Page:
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One of the New York Times Ten Best Books of the Year • A National Book Critics Circle Award Finalist • A New York Times Notable Book A timely exploration of what Shakespeare’s plays reveal about our divided land. “In this sprightly and enthralling book . . . Shapiro amply demonstrates [that] for Americans the politics of Shakespeare are not confined to the public realm, but have enormous relevance in the sphere of private life.” —The Guardian (London) The plays of William Shakespeare are rare common ground in the United States. For well over two centuries, Americans of all stripes—presidents and activists, soldiers and writers, conservatives and liberals alike—have turned to Shakespeare’s works to explore the nation’s fault lines. In a narrative arching from Revolutionary times to the present day, leading scholar James Shapiro traces the unparalleled role of Shakespeare’s four-hundred-year-old tragedies and comedies in illuminating the many concerns on which American identity has turned. From Abraham Lincoln’s and his assassin, John Wilkes Booth’s, competing Shakespeare obsessions to the 2017 controversy over the staging of Julius Caesar in Central Park, in which a Trump-like leader is assassinated, Shakespeare in a Divided America reveals how no writer has been more embraced, more weaponized, or has shed more light on the hot-button issues in our history.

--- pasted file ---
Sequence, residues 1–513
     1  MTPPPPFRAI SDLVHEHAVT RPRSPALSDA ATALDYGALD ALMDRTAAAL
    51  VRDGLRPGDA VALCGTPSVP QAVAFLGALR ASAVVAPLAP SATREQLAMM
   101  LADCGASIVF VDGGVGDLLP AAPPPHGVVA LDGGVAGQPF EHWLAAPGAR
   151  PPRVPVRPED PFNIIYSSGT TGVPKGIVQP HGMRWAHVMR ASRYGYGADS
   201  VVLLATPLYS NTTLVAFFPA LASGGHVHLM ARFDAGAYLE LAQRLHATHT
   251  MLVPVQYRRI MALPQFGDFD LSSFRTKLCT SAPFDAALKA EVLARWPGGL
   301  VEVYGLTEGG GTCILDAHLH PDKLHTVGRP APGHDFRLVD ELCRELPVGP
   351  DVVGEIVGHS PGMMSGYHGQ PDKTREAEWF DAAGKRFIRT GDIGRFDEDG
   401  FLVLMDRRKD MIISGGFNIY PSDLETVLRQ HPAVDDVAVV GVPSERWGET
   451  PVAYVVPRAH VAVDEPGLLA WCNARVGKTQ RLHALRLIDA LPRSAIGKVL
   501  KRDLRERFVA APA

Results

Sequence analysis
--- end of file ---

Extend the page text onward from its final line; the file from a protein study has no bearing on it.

Bad Girls Never Say Die

Author:Jennifer Mathieu

Publisher:Roaring Brook Press

ISBN:1250232597

Total Pages:320

Viewed:1682